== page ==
Although only 6 per cent of Malaysians practice Hinduism, its presence can be felt throughout the country. This is the story of a first encounter with a religion that is followed by almost a billion people worldwide.
Before the temple even comes into view, I can smell it. Incenses, smoky offerings burning in the humid air of Kuala Lumpur. It drifts down the street in gusts. I can hear it too: mystical sounding instruments playing to a simple, yet unrelenting, beat. The music is backed by a drone, a sustained tone of musical continuity heard in the background.
In 29 years I had never been exposed to Hinduism. In the remote part of Eastern Canada where I grew up, one doesn’t find it easily. As far as religions go, its one of the most mysterious to someone of my quiet suburban background. That is also what makes to so intriguing.
As I approach the modest temple, a service is in full swing. A handful of musicians are sitting on the floor, plucking at instruments I can’t identify with sounds that are alien to my ears. In unexpected moments such as this, I feel sheepish at my lack of knowledge about other cultures.
Indians make up the third largest ethnic group in Malaysia, after the Chinese and native Malays, and signs of their culture are present throughout Kuala Lumpur. Temples are scattered through the city, easily distinguishable from Islamic mosques or Chinese Buddhist temples. They are filled with statues of the multitude of gods they worship: multi armed, animal-human hybrids, sitting in positions of contemplation and godliness.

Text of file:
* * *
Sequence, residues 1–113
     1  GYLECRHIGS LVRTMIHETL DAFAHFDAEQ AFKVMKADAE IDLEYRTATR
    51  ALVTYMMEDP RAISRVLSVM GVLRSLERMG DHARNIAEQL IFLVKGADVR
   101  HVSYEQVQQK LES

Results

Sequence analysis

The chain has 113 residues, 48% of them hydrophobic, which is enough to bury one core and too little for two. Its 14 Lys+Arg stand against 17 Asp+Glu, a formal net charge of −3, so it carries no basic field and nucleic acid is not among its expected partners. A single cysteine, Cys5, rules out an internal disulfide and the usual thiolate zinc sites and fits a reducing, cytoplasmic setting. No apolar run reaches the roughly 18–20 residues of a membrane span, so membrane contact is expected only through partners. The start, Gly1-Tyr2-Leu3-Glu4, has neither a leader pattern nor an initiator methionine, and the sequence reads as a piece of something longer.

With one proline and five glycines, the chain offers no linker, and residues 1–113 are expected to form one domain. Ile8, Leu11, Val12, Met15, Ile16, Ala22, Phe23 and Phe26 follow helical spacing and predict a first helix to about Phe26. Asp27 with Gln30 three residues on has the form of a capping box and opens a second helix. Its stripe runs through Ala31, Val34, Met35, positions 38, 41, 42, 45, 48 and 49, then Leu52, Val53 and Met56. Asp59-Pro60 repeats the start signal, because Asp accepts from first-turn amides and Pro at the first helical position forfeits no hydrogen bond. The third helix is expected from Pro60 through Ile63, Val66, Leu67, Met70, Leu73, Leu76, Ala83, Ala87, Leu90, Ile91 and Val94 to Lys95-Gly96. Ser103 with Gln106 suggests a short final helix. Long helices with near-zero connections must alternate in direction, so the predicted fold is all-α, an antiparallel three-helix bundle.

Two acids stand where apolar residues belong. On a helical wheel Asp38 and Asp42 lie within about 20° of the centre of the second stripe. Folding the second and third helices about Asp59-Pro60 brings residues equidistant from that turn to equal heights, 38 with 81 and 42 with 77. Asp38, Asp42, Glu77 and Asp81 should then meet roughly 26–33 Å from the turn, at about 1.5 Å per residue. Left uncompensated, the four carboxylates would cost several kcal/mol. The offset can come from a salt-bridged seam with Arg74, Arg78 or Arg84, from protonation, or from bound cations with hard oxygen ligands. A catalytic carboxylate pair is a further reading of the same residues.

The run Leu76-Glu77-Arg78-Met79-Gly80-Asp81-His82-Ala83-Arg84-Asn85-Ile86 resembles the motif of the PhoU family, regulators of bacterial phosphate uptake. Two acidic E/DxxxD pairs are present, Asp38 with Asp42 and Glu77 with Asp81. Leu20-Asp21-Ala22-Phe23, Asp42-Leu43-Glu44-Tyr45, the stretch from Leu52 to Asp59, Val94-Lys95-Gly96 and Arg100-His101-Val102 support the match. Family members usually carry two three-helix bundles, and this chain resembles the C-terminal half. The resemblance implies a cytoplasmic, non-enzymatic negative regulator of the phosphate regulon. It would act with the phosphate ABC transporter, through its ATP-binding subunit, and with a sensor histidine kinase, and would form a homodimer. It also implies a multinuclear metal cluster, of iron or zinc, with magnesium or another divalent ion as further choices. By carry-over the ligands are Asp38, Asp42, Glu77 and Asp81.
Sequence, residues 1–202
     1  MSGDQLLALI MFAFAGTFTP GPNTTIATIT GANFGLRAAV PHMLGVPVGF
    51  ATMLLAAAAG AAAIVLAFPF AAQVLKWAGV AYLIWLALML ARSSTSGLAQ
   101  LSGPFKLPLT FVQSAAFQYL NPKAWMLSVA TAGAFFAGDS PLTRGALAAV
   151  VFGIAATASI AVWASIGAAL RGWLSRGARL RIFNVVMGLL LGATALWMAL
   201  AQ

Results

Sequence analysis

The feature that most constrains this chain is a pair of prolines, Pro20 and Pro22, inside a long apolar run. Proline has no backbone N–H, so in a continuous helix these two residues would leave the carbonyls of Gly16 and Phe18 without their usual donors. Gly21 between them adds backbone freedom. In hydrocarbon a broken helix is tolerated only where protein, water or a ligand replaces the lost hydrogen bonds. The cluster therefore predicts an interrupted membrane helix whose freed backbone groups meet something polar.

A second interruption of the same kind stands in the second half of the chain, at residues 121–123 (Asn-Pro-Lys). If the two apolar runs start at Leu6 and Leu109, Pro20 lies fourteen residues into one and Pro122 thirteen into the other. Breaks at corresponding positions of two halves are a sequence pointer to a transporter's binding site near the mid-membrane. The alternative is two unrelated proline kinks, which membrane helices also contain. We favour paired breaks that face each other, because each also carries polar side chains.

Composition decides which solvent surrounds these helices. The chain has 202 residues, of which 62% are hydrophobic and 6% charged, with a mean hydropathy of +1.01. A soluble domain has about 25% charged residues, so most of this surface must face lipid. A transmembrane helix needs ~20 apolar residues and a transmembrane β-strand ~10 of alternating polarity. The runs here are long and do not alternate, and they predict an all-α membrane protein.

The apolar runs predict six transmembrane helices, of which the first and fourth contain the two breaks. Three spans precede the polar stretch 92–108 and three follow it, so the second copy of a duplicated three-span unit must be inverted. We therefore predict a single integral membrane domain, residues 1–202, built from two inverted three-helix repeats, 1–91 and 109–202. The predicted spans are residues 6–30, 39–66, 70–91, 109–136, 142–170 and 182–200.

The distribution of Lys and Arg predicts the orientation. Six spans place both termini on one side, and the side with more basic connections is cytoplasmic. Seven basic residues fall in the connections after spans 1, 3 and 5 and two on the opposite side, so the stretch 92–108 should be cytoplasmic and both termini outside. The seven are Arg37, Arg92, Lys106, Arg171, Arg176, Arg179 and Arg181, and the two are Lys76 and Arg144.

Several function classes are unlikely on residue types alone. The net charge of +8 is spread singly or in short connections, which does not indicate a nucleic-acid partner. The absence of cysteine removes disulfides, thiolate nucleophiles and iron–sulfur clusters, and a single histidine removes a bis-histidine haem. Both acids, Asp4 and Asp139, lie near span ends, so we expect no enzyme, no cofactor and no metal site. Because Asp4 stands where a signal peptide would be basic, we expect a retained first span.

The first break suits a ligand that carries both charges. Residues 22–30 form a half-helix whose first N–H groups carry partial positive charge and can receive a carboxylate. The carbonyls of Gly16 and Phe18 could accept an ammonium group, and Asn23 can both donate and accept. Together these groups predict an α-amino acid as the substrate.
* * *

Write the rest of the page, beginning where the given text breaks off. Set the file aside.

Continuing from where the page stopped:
I ask an Indian man outside if it is acceptable for me to enter the temple. He nods enthusiastically and shows me where to put my shoes, and I step inside. The floor is covered in dry grains of rice and patches of water from being scattered about in the service. In a small shrine, several men are continuously pouring water over a statue of a half-elephant god. I later learn it is Ganesh, the Hindu lord of success.
As the story goes, Ganesh had been created one day by the goddess Parvati to guard the entrance to her bathing area. But as her husband Shiva approached, he was enraged to find a stranger at the door of his wife’s bath. He immediately sliced of the the head of Ganesh. When Parvati wept at what her husband had done, Shiva sent for the head of any living creature who was asleep and facing the north. A sleeping elephant was found nearby and Shiva attached to to the body of the boy and revived him. From that day on, Ganesh was placed in charge of Shiva’s troops.
A man in robes walks around the temple, sprinkling us with water. Women stand in quiet prayer, men watch the bathing of Ganesh while offerings are brought to the shrine. After a few more minutes, the service ends. The instruments stop, and people begin to mill about and talk. Without any announcements or vocal prayers, it is understood that the service is over. Men begin to wipe up the floor, and people make their way out. In an instant, the mesmerizing spell is broken, and I take in one last deep breath of spices and incense.
I am not, in any sense, religious. But as I’ve learned from living in Asia, one should never pass up an opportunity to see a culture’s religion in practice. The commonalities of music and ritual, the differences of aesthetics and mythology are captivating and ancient. And while I fail to see the supernatural elements of various religions, I can certainly appreciate the spiritual unity of religious communities around the world.
I may not make my own offerings to Ganesh, but I can certainly appreciate what he means to so many of his children.